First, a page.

Tuesday, October 21, 2008

the tamalyn dallal experience

I don't regularly open Bellydance Jakarta's website, so imagine my shock when I browsed it about five weeks ago and discovered that the great Tamalyn Dallal was coming and doing a workshop. And not just any workshop, but workshops that I had been dying to go to.

So, without hesitating, I signed up. The fact that Bellydance Jakarta was not open to male students didn't even cross my mind (I'll talk about this later).

The announcement that started it all.

The two-day workshop was divided into four parts. On Saturday, October 18th, we studied basic moves and choreography (10 AM - 1 PM) and the Andolous choreography (2 PM - 5 PM). The next day, we were exposed to double veil techniques (10 AM - 1 PM) and the zills (2 PM - 5 PM).

The first time I heard about Ms. Dallal was from Miles Copeland's Belly Dance Superstars. Although deemed heinous by many belly dancers due to the fact that Copeland only hired gorgeous, young, slim dancers - albeit talented and hardworking -, the DVD was a source of inspiration for me. Through the same DVD, I was also exposed to Ansuya and Rachel Brice *shudders*.

Now, this post will be such a great opening piece for my next project, that is to thoroughly define the many styles of belly dance.

Dancing the middle-eastern dance since 1976, Tamalyn Dallal is now one of the most experienced non-middle-eastern belly dancers and a legend in her own right. Her style is gorgeously flowing, oozing endless elegance and it is crystal clear that she has reached that height aimed by all aspiring belly dancers: the height of raks sharqi.

Ms. Maria Aya of Oriental Expression Greece once told me that there are three levels of dancers. The first one is the choreographed dancer. This kind of dancer knows the beat and the music by heart. And then does the exact movement constructed (and memorized) for that one particular song. But that doesn’t necessarily mean that the dancer lacks in feelings. This level is for those who just began their lessons.

The second level is semi-improvisational dancers. This kind of dancer knows the song and the beat, knows when the chiftitelli is transforming to taksim, the accents and everything, and knows the overall movements. During each of the movements, the dancer will add his/her own improvisations, making the dance more personal.

The third level is the fully-improvised dancers. You know, the kind of dancer who just heard a song for the first time and then dances his/her heart out as if he/she had danced to the song a million times before.

It is without a doubt that I place Ms. Dallal in the third-level category. Through years of experience and vast knowledge (she traveled to several Islam-oriented cities around the world, including Aceh, Indonesia just after the tsunami – she wrote her experiences in the book that I bought while she got here, entitled “40 Days and 1,001 Nights”) this is the woman whose “seven veil” dance made me cry. And on those two days, she stood in front of us all, with no goddess or diva-like atmosphere, sharing with us her secrets of dancing flawlessly. I think the only thing that reminded me that she was only human was that she was not feeling well at that time from the 20-hour flight.

I bought this book!
Had I more money, I'd buy all the CDs and DVDs of hers!

With great depth and understanding, Ms. Dallal taught us the tips and tricks of veil works (single and double), how to incorporate the usage of zills (finger cymbals) in our movements, and what I find as very important was when she taught us to reach inside ourselves while doing the warming up.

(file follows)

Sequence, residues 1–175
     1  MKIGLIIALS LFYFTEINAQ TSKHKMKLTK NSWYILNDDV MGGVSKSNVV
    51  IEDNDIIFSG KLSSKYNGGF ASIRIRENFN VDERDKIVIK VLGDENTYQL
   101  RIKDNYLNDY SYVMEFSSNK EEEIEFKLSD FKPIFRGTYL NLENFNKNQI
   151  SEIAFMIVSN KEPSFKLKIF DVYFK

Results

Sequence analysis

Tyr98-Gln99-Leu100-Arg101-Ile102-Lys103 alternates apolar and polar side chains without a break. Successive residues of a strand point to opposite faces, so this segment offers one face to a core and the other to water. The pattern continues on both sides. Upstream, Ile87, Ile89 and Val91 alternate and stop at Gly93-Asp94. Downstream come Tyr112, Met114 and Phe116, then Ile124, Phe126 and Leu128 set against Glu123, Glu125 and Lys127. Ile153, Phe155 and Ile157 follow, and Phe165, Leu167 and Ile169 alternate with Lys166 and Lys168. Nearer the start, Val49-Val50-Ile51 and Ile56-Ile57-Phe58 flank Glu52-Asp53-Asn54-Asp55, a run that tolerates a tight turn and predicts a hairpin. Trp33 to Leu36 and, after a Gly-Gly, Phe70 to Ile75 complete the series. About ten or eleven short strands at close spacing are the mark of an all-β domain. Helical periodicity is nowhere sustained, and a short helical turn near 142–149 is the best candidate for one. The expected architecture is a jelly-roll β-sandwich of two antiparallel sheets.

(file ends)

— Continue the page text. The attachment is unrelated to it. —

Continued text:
One of the coolest things was when she taught how to differentiate between the feeling of aerial (for Egyptian dances) and earthy (for Tribal). She taught us (or was it only me who found the trick very beneficial?) to take control of the soles of our feet, the balls, the heels, everything. Everything down there is connected with everything on the up.

The video that made me cry.
Being with her, as being with other teachers who teach middle-eastern dances, really made me become more aware of my weaknesses: I can’t shimmy right. And I will never forget how patiently (and how embarrassing for me) Ms. Dallal went to me and taught me how to do the darn ¾ shimmy! I also suck at stepping and creating space. I think a 3-hour drill on steps was not enough.

But strangely, apart from all of those, Ms. Dallal told Ms. Christine Yaven (the owner and director of Bellydance Jakarta) to let me take classes with Ms. Yaven. I have been wanting to learn more about the true Egyptian style belly dance and so far, only Bellydance Jakarta offers the program. And in the end of the workshop, Ms. Dallal gave me this beautiful performance DVD with many male middle-eastern dance performers.

I was also very excited when Ms. Yaven told me that the intermediate class is filled with women who wouldn't care if a male joined in. It was the beginner class that's not open to men because many of the ladies who joined are married and their husbands are not comfortable if there are men in the class. I think any man who survives the beginner's class is considered serious enough to really study this ancient art. It is really hard! The steps and everything... Shaking your hips is one thing, but really understanding the art of playing zills while shimmying is totally difficult. And I thought I was a great multitasker!

All in all, I can only say that Ms. Dallal’s dance does have this transcendental, aerial quality, but when she’s stepped out of the dance and changed into her teacher’s suit, she returns to Earth and gladly assists us mortals.

Yours Truly with Ms. Tamalyn Dallal *sigh*

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